Domestic wheat cash markets firm
by Matt Wallis
After some busy weeks of burning diesel in the paddock, this year’s autumn sowing program is now approaching the finishing line, bringing with it a bit more optimism.
By the end of the week, the NSW cropping belt should be at least 85%-90% sown. Unfortunately the remaining central and northern NSW areas are running out of time for a rain event to ensure planting within the optimum window. Canola has been the biggest casualty of the dryer start, with year on year estimates of about 65% reduction in area planted. Due to the current soil moisture deficit, this number is expected to be much higher west of the Newell Highway. Wheat and barley have been sown at the expense of canola with the expectation that each commodity could be up by as much as 40% year on year.
Earlier sown crops are germinating well across southern NSW where the rain has fallen, in some cases allowing livestock to get a first look at established grazing wheats. The opposite could be said of the north where below average conditions have continued and a much-needed rain event is required for germination and establishment of winter crops.
Domestic wheat cash markets have halted their recent decline and gained $5-$10 week on week thanks mainly to favourable overseas movements. SFW1 into the Griffith market zone is trading up to $350/t delivered May while on the track market, 18/19 APW is up $5 on last week at $365 in the Port Kembla zone. Premiums are now starting to be realised for barley stored on farm with recent parcels trading up to $10-$20 above wheat.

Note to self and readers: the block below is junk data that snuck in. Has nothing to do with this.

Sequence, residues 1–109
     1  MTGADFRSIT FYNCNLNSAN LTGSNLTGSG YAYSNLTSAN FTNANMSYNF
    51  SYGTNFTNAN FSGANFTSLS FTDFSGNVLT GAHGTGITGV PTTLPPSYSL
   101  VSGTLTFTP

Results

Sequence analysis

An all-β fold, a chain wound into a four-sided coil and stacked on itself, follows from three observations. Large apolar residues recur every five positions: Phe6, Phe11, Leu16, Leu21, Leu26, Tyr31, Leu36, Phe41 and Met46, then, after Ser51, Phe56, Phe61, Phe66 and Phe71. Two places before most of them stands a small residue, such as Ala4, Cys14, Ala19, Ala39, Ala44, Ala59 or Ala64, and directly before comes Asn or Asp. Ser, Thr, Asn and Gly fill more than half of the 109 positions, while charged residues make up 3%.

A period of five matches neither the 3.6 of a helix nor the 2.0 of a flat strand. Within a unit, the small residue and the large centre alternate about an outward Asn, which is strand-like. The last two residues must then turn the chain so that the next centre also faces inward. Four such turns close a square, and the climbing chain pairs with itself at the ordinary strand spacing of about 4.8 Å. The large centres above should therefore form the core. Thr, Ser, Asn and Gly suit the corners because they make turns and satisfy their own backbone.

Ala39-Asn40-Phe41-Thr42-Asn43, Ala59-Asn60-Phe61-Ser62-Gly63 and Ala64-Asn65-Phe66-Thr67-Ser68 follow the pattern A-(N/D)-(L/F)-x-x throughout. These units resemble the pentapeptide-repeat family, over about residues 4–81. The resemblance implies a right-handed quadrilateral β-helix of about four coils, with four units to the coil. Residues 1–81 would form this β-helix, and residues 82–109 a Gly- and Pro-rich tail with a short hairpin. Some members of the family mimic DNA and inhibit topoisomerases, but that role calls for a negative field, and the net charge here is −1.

Global futures markets have sprung to life over the previous week due to drenching rains of 2-6 inches falling across the US mid-west causing concern for the Spring crop planting. The nearby CBOT SRW wheat contract has exploded by 42USc/bushel while the December contact has gained 38USc/bushel on last week. Their respective swaps are up AUD $26 and $23 to $249 AUD/t and $257 AUD/t. With new crop basis currently quoted near $70 at Port Kembla, site prices for 2019/20 grain at $300/ton are becoming achievable once again. The Aussie dollar has sunk to its lowest levels since January 2016, trading at $0.6896.
Canola markets have been reasonably steady of late. At current prices they still offer relative value to historical averages with Newcastle and Port Kembla track markets both bid at $605 while the Newcastle crush was priced at $615 for May delivery.
It’s been over 10 years since Australia last imported cereal grains. Late last week The Department of Agriculture and Water Resources approved a bulk import permit for a 57,000 tonne consignment of high protein wheat on behalf of a leading Australian flour miller. The wheat is of Canadian origin and is due to arrive at Port Kembla within 6 to 8 weeks, before being exclusively processed under strict biosecurity conditions at Shoalhaven Starches in Nowra. In a press release issued by the flour miller, it’s stated that ‘inland NSW flour mills at Manildra, Gunnedah and Narrandera will continue to be solely supplied with only local, Australian wheats’.
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